Elected every even numbered year, about a third of Oregon’s district attorneys are up for re-election in May 2018, having served their four-year terms.

By 2020, two thirds will be running, including Multnomah County’s District Attorney, Rod Underhill.

 

 

Criminal justice reform starts locally

The Trump presidency places a certain amount of urgency on reforming justice systems, says the ACLU of Oregon, especially in light of Attorney General Jeff Sessions’ recent efforts to restore tough-on-crime policies and the War on Drug.

That said, the majority of policy reform really starts at local and state levels.

“When you think about the problem of mass incarceration, for example, that really has little to do with federal policy and federal enforcement and prosecution,” said Rogers. “The overwhelming majority of people who are incarcerated in this country are in state prisons and local jails.”

Oregon took a big leap in criminal justice reform when is passed HB 2355.  Not only did the bill establish a system to help curb police profiling, it also defelonized small possession of drugs to a misdemeanor.

While the legislation was supported by leaders in law enforcement, plus Gov. Kate Brown and Attorney General Ellen Rosenblum – as well as Oregonians across party lines and urban and rural divides – it was met with the most vocal opposition from the state’s district attorneys.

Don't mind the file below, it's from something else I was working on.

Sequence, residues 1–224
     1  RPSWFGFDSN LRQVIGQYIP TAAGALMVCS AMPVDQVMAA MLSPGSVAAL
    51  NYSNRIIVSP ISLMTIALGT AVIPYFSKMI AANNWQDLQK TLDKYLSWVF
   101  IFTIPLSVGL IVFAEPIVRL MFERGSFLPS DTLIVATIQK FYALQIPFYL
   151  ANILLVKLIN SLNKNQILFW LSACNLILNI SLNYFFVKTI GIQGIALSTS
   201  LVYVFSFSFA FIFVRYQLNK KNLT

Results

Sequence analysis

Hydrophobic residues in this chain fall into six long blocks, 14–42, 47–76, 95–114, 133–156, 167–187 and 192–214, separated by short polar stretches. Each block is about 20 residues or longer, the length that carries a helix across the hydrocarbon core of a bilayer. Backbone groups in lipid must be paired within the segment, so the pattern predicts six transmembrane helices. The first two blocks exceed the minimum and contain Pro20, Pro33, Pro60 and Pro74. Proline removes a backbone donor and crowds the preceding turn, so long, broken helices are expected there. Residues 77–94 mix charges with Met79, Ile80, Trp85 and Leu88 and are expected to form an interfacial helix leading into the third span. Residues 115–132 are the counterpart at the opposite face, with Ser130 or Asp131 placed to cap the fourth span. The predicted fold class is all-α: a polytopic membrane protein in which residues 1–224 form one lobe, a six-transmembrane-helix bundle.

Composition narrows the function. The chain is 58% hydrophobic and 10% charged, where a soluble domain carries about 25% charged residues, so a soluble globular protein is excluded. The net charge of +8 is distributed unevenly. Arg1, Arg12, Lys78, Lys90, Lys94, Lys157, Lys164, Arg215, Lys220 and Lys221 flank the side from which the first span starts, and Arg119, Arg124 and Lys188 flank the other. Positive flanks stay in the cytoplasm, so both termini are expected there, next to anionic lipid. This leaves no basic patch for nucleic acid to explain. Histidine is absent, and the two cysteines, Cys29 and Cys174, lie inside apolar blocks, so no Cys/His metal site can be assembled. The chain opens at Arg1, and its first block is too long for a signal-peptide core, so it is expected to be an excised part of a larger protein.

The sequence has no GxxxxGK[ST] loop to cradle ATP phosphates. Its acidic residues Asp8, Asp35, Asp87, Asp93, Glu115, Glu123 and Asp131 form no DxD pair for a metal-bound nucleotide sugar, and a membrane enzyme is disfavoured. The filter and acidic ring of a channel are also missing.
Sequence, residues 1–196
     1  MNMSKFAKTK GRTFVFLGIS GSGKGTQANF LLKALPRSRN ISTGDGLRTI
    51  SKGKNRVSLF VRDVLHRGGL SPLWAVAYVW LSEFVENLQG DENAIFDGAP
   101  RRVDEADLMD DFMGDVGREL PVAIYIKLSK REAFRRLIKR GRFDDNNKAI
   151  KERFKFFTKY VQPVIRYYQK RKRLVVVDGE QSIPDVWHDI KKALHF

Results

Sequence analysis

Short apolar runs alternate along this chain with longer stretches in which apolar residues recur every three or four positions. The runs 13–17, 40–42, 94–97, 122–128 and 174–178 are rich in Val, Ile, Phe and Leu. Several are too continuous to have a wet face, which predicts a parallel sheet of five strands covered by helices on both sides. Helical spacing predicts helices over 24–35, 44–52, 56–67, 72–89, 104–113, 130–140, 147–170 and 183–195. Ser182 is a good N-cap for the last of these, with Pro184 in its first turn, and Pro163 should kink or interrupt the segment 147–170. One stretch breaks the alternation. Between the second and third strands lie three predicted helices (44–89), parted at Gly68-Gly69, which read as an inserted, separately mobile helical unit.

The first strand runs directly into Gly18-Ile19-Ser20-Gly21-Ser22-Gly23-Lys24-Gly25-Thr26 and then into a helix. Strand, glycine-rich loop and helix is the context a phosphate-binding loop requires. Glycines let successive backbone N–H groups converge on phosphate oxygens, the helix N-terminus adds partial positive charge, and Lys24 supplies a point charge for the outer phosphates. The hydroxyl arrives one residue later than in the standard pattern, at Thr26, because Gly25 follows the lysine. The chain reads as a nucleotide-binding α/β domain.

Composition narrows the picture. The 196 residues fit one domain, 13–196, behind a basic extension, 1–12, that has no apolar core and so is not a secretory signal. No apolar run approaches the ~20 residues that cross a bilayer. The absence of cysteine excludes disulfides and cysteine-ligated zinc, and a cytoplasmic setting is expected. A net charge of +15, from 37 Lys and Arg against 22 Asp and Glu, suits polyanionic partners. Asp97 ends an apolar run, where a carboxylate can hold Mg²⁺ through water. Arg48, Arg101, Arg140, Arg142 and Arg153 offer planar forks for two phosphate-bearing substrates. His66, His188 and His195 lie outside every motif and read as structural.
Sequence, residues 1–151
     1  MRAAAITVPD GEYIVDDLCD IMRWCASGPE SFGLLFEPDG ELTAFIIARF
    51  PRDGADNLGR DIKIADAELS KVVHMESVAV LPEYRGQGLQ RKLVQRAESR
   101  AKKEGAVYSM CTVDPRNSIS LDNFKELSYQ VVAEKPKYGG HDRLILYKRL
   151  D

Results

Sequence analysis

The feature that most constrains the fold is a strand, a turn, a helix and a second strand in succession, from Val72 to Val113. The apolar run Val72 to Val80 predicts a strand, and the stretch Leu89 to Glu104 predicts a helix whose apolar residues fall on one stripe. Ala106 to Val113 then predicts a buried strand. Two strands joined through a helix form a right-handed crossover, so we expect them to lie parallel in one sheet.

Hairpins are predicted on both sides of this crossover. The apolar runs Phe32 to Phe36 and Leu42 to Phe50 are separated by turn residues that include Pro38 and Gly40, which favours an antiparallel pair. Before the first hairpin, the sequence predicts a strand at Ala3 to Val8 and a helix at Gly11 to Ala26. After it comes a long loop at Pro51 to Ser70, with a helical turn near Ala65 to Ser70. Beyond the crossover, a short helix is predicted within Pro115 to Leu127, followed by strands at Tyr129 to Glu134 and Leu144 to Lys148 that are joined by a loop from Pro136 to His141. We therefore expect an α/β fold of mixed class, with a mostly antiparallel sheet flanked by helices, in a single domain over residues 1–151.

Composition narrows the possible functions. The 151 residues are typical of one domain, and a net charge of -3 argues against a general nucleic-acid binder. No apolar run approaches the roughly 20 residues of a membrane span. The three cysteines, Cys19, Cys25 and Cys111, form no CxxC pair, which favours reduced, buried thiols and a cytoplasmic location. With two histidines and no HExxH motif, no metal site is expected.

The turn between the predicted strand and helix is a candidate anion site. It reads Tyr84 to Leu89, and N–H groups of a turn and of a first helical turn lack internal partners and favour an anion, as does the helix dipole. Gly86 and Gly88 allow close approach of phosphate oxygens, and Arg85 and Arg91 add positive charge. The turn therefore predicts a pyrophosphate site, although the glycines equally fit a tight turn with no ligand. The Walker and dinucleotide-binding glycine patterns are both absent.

“For ALCU, that demonstrates a lot of things,” said Rogers. “They’re a roadblock to reform in terms of footprint on statewide polices, but their also out of touch with electorate.”

 

Reform in Multnomah County

Multnomah County’s District Attorney Rod Underhill, a self-described leader in the area of criminal justice reform, has ignited two harm reduction programs, Law Enforcement Assisted Diversion and  Treatment First, both aimed at directing low- level offenders to social services rather than to jail and prosecution.

The district attorney’s office was also the primary architect of Multnomah County’s Justice Reinvestment Program, which has diverted 1,874 prison-bound felons to local probation. 

Regarding the ALCU’s new campaign, Underhill told The Skanner, “I believe that every election for public office and every ballot measure will benefit from a higher level of voter engagement. I support and encourage programs that seek to foster the growth of a better-informed electorate.”

Underhill did make headlines in recent months when he vehemently opposed ending the “48 hour rule,” which gave police officers two days to give testimony when involved in cases of deadly force.

The district attorney cited an Oregon Supreme Court ruling that he said requires internal investigators to wait until after a criminal investigation and grand jury review have been completed before they can compel a statement from officers. 

The City Council disregarded the district attorney’s advice and voted to toss out the rule last Thursday.

“District attorneys have tremendous power in the system,” Rogers said, “which means they also have tremendous power to create change.”